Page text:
Presence
    Series: (All)
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  • Dec 2, 2018Our Heavenly Potter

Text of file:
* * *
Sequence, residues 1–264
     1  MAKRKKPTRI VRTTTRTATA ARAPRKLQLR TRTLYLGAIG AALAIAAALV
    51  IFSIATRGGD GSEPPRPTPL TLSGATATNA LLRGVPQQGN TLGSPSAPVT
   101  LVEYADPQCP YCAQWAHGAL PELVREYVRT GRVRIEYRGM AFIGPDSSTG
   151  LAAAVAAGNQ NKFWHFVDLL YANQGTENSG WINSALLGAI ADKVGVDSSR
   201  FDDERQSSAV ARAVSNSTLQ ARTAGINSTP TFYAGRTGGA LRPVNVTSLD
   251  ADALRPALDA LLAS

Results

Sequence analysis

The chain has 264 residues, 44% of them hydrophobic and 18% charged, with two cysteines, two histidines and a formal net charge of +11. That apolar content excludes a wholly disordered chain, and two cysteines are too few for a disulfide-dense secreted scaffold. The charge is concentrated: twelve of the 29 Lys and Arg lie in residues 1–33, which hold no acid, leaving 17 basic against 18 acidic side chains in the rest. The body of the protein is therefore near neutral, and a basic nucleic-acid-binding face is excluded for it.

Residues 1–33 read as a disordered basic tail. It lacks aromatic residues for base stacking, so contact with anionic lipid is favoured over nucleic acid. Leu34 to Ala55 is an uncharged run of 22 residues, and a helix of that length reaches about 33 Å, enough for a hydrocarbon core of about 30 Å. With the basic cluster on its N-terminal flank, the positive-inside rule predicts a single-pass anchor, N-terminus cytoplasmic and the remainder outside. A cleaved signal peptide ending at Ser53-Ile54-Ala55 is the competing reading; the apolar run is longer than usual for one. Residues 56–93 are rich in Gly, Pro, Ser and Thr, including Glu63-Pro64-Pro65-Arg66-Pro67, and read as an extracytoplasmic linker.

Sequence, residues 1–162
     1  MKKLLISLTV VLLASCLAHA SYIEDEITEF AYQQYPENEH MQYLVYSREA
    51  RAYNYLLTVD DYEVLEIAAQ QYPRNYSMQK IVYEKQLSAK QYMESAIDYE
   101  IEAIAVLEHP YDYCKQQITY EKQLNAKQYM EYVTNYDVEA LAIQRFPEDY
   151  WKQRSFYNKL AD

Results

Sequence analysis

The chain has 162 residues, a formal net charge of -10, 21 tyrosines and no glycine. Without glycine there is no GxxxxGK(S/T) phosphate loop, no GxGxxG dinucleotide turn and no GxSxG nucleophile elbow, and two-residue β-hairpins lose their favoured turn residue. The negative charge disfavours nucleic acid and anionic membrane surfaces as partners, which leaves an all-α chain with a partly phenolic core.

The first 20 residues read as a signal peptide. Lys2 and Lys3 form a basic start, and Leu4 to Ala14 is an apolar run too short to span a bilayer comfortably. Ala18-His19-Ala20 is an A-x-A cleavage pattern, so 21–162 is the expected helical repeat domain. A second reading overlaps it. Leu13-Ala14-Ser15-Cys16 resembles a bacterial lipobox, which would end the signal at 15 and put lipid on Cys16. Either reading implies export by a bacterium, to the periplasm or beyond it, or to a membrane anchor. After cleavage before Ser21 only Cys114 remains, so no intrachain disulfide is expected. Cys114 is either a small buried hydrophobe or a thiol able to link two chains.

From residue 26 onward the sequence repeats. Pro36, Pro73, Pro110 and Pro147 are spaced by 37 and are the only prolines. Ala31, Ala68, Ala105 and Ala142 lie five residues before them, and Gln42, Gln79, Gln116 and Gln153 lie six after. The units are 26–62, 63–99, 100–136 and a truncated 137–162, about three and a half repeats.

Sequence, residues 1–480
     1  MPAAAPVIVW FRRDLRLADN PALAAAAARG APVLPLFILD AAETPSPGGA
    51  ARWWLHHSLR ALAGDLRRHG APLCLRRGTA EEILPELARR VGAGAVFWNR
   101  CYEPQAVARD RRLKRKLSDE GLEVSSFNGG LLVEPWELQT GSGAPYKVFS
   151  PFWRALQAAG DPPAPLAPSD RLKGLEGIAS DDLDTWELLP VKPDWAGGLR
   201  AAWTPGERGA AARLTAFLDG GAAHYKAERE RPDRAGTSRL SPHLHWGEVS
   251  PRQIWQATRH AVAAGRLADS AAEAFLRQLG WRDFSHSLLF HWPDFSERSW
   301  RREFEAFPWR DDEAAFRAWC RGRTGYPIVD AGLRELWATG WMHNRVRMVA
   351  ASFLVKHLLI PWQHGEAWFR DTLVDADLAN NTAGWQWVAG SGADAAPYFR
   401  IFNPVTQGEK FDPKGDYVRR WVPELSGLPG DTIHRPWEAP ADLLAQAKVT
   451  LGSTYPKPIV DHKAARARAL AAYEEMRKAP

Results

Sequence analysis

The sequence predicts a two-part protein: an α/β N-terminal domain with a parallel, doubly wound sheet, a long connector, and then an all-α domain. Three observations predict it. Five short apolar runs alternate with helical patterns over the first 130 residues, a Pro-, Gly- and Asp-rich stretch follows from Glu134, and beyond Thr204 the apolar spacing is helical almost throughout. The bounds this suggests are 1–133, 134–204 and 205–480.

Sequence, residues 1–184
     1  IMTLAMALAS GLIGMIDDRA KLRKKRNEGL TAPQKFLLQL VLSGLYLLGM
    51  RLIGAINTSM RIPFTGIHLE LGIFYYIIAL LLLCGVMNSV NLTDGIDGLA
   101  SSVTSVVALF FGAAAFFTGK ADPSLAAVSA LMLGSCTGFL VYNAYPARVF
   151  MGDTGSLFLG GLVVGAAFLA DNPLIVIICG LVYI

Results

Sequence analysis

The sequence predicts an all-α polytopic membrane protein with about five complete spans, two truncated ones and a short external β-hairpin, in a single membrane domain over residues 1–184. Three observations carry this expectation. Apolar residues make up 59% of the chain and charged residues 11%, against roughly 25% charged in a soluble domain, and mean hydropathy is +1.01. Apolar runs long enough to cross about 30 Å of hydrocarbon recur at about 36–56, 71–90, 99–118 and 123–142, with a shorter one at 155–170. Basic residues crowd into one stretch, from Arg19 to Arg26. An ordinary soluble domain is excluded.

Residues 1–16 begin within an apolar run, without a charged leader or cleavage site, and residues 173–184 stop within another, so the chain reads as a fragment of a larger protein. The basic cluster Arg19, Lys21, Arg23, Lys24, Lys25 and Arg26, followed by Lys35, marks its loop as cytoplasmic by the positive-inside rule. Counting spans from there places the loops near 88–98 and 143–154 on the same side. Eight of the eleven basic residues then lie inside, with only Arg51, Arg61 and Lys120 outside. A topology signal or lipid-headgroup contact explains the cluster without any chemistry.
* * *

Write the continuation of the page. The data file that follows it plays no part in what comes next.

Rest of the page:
Dec 2, 2018
    Our Heavenly Potter
    Series: God With Us

    “Our Heavenly Potter”

    Isaiah 64:1-9

    December 2, 2018